Part 1 of the Work Well Feel Well series looks at developing an awareness of health indicators
History teaches that those who explore relentlessly and fearlessly are often the ones rewarded with the greatest prize of all: the truth.
Since its discovery in 2012, the Higgs boson has become one of the most powerful tools to probe our understanding of nature and, with that, examine some of the biggest open questions in physics today.
It was just a few short weeks in mid-2012, but they were so intense that it felt like years. As 4 July drew near, the ATLAS and CMS experiments could sense that they were homing in on something big.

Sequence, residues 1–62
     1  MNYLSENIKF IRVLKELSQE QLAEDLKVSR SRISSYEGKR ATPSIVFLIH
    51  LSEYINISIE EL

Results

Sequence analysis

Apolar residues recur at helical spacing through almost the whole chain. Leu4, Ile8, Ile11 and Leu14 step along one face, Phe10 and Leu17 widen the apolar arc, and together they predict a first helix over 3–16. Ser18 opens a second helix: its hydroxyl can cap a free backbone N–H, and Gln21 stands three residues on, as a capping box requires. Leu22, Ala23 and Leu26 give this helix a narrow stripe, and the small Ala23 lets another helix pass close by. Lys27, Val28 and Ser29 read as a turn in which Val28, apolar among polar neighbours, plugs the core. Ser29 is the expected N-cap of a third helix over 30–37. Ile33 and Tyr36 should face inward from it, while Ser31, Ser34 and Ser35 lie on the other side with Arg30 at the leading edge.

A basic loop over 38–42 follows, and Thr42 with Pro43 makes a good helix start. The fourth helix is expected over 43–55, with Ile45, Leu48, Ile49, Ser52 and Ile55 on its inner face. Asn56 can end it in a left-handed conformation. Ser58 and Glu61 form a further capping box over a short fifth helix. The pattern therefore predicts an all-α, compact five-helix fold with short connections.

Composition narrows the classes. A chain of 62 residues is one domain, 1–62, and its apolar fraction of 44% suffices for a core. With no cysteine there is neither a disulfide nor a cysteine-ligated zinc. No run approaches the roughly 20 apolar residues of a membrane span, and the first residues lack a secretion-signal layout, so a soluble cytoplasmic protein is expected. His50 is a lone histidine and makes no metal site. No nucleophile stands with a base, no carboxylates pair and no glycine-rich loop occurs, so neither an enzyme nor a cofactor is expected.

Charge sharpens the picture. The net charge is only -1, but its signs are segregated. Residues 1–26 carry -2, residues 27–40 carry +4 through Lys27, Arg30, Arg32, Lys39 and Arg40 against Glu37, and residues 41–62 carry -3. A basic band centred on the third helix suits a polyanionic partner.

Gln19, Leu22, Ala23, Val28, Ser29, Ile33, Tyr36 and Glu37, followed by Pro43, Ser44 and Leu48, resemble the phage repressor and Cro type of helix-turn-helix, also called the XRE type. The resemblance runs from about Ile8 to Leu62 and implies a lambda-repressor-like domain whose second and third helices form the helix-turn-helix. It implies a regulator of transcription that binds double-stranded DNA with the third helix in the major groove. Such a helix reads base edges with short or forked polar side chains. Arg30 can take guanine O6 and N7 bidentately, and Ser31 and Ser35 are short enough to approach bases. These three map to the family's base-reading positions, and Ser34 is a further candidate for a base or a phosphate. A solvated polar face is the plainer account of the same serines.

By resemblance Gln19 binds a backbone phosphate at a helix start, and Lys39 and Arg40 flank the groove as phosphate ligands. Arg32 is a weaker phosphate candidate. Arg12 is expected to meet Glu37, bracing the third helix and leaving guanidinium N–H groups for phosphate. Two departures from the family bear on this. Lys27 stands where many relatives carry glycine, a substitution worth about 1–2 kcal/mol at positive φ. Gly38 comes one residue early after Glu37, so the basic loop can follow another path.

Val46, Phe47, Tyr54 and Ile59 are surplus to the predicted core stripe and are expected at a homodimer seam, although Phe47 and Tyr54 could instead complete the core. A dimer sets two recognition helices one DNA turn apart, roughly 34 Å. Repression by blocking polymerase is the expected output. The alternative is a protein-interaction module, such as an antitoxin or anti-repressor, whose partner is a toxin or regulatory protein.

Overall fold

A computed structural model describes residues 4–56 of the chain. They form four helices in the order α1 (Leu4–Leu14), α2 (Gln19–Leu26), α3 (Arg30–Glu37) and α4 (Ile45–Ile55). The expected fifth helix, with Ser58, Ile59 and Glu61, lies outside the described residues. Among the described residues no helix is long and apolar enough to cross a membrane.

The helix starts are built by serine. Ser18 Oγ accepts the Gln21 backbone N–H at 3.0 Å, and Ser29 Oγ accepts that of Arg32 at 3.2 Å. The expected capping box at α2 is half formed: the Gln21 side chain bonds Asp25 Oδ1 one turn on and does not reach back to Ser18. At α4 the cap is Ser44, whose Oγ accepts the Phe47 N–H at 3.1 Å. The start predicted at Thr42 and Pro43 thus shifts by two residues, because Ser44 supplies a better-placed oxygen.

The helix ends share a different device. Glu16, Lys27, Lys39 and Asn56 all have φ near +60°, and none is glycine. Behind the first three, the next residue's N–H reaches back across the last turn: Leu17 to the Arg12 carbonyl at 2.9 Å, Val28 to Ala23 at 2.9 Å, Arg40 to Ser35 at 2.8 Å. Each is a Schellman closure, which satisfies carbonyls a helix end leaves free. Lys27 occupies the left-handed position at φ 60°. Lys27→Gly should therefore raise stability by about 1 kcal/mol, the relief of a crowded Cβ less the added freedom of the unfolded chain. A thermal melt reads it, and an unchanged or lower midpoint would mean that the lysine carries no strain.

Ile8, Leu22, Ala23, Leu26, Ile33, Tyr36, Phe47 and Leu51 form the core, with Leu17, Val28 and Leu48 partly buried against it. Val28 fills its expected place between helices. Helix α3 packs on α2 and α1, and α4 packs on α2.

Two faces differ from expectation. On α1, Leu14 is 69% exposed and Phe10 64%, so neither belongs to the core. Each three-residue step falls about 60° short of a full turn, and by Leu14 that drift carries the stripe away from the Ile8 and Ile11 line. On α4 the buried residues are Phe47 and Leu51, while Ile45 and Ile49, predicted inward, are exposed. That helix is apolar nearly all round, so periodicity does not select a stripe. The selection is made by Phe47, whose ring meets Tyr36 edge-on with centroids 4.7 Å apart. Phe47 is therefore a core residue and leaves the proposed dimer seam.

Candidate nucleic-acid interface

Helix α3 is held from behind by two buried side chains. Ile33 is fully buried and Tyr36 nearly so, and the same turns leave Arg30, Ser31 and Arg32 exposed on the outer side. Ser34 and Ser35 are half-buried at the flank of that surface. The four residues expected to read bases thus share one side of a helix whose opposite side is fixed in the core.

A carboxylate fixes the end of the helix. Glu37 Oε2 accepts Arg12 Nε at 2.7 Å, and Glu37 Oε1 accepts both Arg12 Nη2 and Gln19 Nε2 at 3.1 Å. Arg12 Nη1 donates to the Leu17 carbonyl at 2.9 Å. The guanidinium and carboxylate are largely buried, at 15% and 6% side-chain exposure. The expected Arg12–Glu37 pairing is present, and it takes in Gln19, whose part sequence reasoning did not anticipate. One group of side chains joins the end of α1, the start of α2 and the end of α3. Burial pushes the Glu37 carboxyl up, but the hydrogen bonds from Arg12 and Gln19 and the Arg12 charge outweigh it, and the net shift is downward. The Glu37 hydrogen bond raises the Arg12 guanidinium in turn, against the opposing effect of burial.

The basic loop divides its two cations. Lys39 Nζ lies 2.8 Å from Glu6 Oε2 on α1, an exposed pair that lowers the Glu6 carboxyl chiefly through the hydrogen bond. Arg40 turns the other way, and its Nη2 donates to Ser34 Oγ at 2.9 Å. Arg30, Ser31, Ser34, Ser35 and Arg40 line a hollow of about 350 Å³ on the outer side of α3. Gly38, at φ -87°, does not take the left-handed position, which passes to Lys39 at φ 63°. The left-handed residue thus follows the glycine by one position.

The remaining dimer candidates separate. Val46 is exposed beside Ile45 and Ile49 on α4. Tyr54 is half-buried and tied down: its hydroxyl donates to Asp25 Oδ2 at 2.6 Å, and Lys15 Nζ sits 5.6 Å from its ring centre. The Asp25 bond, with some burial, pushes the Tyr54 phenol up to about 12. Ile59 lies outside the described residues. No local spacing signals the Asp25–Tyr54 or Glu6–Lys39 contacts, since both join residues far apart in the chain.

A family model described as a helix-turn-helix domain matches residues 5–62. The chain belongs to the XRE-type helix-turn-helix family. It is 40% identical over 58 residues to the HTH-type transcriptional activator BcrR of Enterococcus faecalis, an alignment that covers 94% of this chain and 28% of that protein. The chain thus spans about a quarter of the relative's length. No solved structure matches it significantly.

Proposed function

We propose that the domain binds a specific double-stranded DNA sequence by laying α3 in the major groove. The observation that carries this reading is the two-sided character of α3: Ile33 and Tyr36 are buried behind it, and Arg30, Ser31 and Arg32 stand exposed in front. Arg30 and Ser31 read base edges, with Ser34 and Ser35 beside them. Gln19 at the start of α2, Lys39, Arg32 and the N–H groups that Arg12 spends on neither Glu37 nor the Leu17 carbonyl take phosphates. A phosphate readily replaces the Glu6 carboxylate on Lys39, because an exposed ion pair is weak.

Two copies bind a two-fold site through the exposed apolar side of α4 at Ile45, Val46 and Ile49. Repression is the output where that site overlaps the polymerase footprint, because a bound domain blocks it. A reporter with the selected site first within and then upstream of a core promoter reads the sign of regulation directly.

On 10 September 2008, the LHC circulated its first beams. It may not have been all plain sailing from then on, but the adventure had begun.
The year 2000 was set to be the last year of running for CERN’s Large Electron–Positron (LEP) collider, and it ended dramatically
The direct discovery of the W and Z bosons at the SppS in 1983 provided solid experimental support for the existence of the Higgs boson
As the various breakthroughs of the 1970s gradually consolidated the Standard Model, the Brout–Englert–Higgs field and its boson emerged as the most promising theoretical model to explain the origin of mass
The Higgs boson holds the record (48 years) among elementary particles for the time between prediction and discovery, going from an esoteric technicality to commanding the global spotlight at the world’s most powerful collider